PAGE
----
An appropriate educational program begins with an IEP that includes a statement of the student's present levels of academic achievement and functional performance (see 34 CFR 300.320[a]; 8 NYCRR 200.4[d][i]), establishes annual goals designed to meet the student's needs resulting from the student's disability and enable him or her to make progress in the general education curriculum (see 34 CFR 300.320[a][i], [i][A]; 8 NYCRR 200.4[d][iii]), and provides for the use of appropriate special education services (see 34 CFR 300.320[a]; 8 NYCRR 200.4[d][v]).
A board of education may be required to reimburse parents for their expenditures for private educational services obtained for a student by his or her parents, if the services offered by the board of education were inadequate or inappropriate, the services selected by the parents were appropriate, and equitable considerations support the parents' claim (Florence County Sch. Dist. Four v. Carter, 510 U.S. 7 ; Sch. Comm. of Burlington v. Dep't of Educ., 471 U.S. 359, 369-70 ; R.E., 694 F.3d at 184-85; T.P., 554 F.3d at 252). In Burlington, the Court found that Congress intended retroactive reimbursement to parents by school officials as an available remedy in a proper case under the IDEA (471 U.S. at 370-71; see Gagliardo, 489 F.3d at 111; Cerra, 427 F.3d at 192). "Reimbursement merely requires [a district] to belatedly pay expenses that it should have paid all along and would have borne in the first instance" had it offered the student a FAPE (Burlington, 471 U.S. at 370-71; see 20 U.S.C. § 1412[a][C][ii]; 34 CFR 300.148).
The burden of proof is on the school district during an impartial hearing, except that a parent seeking tuition reimbursement for a unilateral placement has the burden of proof regarding the appropriateness of such placement (Educ. Law § 4404[c]; see R.E., 694 F.3d at 184-85).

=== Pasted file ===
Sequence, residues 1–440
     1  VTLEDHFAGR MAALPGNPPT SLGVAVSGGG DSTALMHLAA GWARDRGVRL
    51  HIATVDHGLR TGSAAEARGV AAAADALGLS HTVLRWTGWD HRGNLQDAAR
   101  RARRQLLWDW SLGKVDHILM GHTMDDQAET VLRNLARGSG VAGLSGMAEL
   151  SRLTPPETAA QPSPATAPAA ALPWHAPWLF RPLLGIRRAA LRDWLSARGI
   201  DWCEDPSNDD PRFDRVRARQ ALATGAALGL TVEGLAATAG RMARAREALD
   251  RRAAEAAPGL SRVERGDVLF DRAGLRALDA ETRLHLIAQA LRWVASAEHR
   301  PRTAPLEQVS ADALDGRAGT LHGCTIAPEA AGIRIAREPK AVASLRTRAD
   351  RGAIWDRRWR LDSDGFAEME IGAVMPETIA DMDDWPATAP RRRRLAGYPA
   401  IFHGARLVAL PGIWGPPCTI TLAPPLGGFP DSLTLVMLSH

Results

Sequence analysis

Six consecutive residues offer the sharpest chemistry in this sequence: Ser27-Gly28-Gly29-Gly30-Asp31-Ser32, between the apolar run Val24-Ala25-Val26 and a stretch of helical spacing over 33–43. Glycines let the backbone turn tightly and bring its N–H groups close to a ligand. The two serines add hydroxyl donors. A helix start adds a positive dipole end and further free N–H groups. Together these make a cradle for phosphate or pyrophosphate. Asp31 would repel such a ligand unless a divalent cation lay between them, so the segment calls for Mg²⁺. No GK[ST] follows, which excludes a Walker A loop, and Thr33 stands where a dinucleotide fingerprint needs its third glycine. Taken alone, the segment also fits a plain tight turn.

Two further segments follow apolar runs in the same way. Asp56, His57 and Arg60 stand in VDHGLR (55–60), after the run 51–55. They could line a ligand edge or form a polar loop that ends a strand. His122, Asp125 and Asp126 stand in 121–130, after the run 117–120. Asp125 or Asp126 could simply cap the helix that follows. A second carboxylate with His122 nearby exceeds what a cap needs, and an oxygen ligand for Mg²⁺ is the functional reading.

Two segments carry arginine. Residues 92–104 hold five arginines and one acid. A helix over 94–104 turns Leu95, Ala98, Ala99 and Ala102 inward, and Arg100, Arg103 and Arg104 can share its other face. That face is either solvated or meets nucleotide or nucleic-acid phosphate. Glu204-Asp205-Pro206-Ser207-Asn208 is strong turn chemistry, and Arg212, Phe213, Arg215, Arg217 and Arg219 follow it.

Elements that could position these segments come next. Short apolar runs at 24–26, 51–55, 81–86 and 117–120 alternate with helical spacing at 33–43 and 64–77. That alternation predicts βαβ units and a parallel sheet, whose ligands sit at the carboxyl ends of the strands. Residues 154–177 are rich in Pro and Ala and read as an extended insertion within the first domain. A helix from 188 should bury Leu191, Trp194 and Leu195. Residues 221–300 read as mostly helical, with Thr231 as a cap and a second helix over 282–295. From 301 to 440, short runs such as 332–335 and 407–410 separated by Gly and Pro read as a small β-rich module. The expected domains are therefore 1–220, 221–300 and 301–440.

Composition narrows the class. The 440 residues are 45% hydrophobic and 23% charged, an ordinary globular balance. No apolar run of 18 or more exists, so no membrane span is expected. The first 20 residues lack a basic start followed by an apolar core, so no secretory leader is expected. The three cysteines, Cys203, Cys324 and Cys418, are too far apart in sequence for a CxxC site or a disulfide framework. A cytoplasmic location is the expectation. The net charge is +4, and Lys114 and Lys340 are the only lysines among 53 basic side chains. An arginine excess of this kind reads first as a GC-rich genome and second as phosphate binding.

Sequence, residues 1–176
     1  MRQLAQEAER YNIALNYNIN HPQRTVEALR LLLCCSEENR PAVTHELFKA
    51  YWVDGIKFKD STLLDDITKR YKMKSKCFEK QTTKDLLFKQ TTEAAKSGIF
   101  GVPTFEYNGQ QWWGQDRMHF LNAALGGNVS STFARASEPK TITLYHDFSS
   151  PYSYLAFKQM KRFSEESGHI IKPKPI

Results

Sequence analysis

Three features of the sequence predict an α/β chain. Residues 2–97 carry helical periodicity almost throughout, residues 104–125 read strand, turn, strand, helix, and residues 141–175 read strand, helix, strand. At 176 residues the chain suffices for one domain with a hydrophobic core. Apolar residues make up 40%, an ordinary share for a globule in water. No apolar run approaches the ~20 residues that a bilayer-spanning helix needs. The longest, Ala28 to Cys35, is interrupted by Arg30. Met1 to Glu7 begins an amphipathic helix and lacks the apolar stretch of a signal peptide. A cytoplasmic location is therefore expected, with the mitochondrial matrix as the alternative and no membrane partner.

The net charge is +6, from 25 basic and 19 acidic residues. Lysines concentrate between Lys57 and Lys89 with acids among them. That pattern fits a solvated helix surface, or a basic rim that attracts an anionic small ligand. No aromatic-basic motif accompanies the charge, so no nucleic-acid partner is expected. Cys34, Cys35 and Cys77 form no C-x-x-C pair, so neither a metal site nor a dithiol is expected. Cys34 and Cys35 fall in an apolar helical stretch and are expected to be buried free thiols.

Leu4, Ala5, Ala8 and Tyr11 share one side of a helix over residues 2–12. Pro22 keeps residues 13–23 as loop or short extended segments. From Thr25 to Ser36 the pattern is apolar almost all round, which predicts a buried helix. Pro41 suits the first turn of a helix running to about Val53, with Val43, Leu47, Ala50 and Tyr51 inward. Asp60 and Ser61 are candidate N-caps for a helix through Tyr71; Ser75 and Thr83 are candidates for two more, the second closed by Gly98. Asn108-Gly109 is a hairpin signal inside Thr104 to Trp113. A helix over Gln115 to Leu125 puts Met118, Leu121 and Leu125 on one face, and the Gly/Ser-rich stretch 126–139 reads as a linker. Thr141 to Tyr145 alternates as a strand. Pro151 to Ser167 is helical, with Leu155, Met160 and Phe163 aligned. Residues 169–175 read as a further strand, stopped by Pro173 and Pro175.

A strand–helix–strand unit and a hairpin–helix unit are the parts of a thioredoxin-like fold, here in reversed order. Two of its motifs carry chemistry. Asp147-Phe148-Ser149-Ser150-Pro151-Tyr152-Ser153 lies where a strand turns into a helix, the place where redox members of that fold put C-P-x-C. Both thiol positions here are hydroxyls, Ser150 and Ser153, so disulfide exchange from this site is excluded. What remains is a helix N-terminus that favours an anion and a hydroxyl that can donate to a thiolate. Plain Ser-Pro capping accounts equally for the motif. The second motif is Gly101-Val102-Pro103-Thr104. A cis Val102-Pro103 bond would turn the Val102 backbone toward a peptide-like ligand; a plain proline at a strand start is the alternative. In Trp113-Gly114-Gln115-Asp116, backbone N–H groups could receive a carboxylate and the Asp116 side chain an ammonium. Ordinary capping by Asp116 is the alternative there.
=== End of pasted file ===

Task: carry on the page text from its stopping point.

A. June 2020 CSE Process and IEP
1. Consideration and Sufficiency of Evaluative Information
Regarding the IHO's findings that the district did not conduct new evaluations prior to the development of the IEP for the 2020-21 school year, and that the CSE failed to consider the neuropsychological evaluation in the development of the student's IEP, the district asserts that the CSE had and considered sufficient evaluative material. In addition, the parties' arguments related to the parent's participation in the CSE meeting largely relate to the evaluations or lack thereof conducted by the district and the CSE's consideration of the private neuropsychological evaluation. Therefore, the parents' ability to participate in the CSE process will be discussed herein.
An initial evaluation of a student must include a physical examination, a psychological evaluation, a social history, a classroom observation of the student, and any other "appropriate assessments or evaluations" as necessary to determine factors contributing to the student's disability (8 NYCRR 200.4[b]). A CSE may direct that additional evaluations or assessments be conducted in order to appropriately assess the student in all areas related to the suspected disabilities (8 NYCRR 200.4[b]). Any evaluation of a student with a disability must use a variety of assessment tools and strategies to gather relevant functional, developmental, and academic information about the student, including information provided by the parent, that may assist in determining, among other things the content of the student's IEP (20 U.S.C. § 1414[b][A], [B]; 34 CFR 300.304[b][ii]; see Letter to Clarke, 48 IDELR 77 [OSEP 2007]). In particular, a district must rely on technically sound instruments that may assess the relative contribution of cognitive and behavioral factors, in addition to physical or developmental factors (20 U.S.C. § 1414[b][C]; 34 CFR 300.304[b]; 8 NYCRR 200.4[b][x]). Whether it is an initial evaluation or a reevaluation of a student, a district must ensure that a student is appropriately assessed in all areas related to the suspected disability, including, where appropriate, social and emotional status (20 U.S.C. § 1414[b][B]; 34 CFR 300.304[c]; 8 NYCRR 200.4[b][vii]). An evaluation of a student must be sufficiently comprehensive to identify all of the student's special education and related services needs, whether or not commonly linked to the disability category in which the student has been classified (34 CFR 300.304[c]; 8 NYCRR 200.4[b][ix]; see Application of the Dep't of Educ., Appeal No. 07-018).
In developing the recommendations for a student's IEP, the CSE must consider the results of the initial or most recent evaluation; the student's strengths; the concerns of the parents for enhancing the education of their child; the academic, developmental and functional needs of the student, including, as appropriate, the student's performance on any general State or district-wide assessments as well as any special factors as set forth in federal and State regulations (34 CFR 300.324[a]; 8 NYCRR 200.4[d]).